Changes in orexin (hypocretin) neuronal expression with normal aging in the human hypothalamus

Nicholas J. Hunt, Michael L. Rodriguez, Karen A. Waters, Rita Machaalani*

*Corresponding author for this work

Research output: Contribution to journalArticlepeer-review

64 Citations (Scopus)


Animal studies have shown that decreased orexin expression changes sleep regulation with normal aging. This study examined orexin A and B expression in the tuberal hypothalamus in infants (0-1 year; n = 8), children (4-10 years; n = 7), young adults (22-32 years; n = 4), and older (48-60 years; n = 7) adults. Neuronal expression was defined by the percentage positive orexin immunoreactive (Ox-ir) neurons in the whole tuberal hypothalamus, and in the dorsal medial (DMH), perifornical, and lateral hypothalamus. In addition, the number of Ox-ir neurons/mm(2), regional distribution, and co-localization were examined. Within the whole tuberal hypothalamic section, there was a 23% decrease in the percentage of Ox-ir neurons between infants and older adults (p < 0.001), and a 10% decrease in older compared with younger adults (p = 0.023). These changes were confined to the DMH and/or perifornical hypothalamus. There was a 9%-24% decrease in Ox neurons/mm(2) in adults compared with infants and/or children (p ≤ 0.001). These results demonstrate a decrease in Ox expression with normal human maturation and aging. This may contribute to changes in sleep regulation during development and with aging.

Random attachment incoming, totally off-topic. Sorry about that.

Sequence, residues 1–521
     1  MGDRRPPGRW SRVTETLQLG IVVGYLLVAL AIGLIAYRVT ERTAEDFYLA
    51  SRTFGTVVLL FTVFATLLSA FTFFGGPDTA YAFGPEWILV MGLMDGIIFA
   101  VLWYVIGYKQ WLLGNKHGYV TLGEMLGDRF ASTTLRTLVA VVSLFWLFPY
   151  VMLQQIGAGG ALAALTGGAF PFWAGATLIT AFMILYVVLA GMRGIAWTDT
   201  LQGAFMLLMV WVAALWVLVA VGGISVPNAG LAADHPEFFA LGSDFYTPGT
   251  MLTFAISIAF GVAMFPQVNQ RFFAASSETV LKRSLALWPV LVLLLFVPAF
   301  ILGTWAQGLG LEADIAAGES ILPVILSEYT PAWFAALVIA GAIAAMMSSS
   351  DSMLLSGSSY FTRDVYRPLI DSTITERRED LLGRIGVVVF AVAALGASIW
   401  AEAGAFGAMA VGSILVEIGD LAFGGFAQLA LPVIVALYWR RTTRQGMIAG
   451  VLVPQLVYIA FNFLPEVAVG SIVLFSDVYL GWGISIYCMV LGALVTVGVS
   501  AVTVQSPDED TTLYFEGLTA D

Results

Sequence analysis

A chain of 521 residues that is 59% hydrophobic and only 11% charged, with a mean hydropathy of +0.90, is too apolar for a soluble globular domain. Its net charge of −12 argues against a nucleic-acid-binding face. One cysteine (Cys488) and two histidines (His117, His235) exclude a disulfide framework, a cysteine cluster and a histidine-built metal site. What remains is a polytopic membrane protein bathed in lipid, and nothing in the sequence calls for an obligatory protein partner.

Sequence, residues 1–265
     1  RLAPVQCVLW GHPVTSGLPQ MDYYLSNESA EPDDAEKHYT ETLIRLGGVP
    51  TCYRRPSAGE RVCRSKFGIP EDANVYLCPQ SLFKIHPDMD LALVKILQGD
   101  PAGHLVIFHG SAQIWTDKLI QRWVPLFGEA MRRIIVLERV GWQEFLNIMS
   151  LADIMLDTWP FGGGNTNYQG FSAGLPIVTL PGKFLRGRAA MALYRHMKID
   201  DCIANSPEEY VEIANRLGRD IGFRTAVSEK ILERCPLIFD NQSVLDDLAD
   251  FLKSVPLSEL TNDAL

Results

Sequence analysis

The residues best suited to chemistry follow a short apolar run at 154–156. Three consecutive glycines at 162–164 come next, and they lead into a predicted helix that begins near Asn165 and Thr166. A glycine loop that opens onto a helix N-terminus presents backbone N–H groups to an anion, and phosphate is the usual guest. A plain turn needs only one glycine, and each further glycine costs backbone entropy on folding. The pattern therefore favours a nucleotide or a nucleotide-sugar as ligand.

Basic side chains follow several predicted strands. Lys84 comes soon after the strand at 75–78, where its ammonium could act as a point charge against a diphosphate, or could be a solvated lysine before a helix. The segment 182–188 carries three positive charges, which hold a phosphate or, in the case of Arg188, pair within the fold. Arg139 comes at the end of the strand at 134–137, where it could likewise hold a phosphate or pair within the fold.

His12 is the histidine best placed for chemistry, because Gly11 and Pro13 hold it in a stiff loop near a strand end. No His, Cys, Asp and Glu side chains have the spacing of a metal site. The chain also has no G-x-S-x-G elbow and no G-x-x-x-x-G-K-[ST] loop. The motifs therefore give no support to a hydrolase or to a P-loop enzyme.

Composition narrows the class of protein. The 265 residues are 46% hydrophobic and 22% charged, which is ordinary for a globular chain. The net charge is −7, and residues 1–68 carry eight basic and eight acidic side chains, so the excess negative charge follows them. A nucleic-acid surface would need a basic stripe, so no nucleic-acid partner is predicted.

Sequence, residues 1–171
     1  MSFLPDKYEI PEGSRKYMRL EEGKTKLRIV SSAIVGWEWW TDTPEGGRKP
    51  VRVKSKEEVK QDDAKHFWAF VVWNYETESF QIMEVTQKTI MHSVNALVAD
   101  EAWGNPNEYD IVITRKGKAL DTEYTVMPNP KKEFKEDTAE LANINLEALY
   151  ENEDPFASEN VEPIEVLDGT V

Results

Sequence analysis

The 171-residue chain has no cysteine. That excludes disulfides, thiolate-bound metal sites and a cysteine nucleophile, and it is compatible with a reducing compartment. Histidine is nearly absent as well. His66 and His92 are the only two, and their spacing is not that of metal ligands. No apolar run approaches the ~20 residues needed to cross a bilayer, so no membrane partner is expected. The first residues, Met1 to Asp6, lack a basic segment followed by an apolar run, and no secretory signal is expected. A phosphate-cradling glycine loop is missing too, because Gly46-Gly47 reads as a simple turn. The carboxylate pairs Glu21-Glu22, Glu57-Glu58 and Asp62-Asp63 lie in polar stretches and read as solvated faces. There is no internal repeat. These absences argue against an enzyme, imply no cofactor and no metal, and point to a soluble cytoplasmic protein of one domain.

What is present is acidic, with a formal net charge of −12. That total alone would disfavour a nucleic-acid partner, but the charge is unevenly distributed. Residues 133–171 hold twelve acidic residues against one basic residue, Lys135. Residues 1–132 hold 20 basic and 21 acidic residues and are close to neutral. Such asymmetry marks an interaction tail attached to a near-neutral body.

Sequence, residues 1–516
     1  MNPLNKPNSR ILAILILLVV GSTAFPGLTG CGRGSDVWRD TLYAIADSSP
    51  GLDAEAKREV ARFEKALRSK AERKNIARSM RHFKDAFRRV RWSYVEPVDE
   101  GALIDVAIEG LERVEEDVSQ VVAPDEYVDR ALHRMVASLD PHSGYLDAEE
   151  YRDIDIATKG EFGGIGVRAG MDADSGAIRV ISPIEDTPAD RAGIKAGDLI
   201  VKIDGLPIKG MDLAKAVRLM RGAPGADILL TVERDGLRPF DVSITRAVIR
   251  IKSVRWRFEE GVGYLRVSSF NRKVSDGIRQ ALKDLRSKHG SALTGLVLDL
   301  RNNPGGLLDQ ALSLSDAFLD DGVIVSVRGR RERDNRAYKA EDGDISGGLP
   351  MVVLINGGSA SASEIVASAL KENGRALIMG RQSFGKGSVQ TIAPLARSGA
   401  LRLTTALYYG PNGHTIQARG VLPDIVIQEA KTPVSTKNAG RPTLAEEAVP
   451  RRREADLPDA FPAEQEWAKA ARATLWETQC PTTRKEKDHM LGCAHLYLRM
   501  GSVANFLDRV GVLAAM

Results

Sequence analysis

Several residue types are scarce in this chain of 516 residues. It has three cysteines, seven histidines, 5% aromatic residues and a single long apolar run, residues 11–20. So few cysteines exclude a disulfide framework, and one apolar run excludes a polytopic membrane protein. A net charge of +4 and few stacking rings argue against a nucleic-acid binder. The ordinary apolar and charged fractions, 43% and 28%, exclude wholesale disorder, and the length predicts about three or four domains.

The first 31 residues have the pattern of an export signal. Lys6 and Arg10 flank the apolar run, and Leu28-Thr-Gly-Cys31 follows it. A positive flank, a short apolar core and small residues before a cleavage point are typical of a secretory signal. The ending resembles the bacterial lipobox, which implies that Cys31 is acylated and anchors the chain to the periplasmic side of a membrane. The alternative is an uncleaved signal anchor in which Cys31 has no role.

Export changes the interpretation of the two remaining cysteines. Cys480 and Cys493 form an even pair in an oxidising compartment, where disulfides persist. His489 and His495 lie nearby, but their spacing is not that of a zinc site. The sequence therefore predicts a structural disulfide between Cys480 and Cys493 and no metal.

Original languageEnglish
Pages (from-to)292-300
Number of pages9
JournalNeurobiology of Aging
Issue number1
Publication statusPublished - 1 Jan 2015
Externally publishedYes


  • Adult
  • Brain
  • Development
  • Immunohistochemistry
  • Infant
  • Sleep


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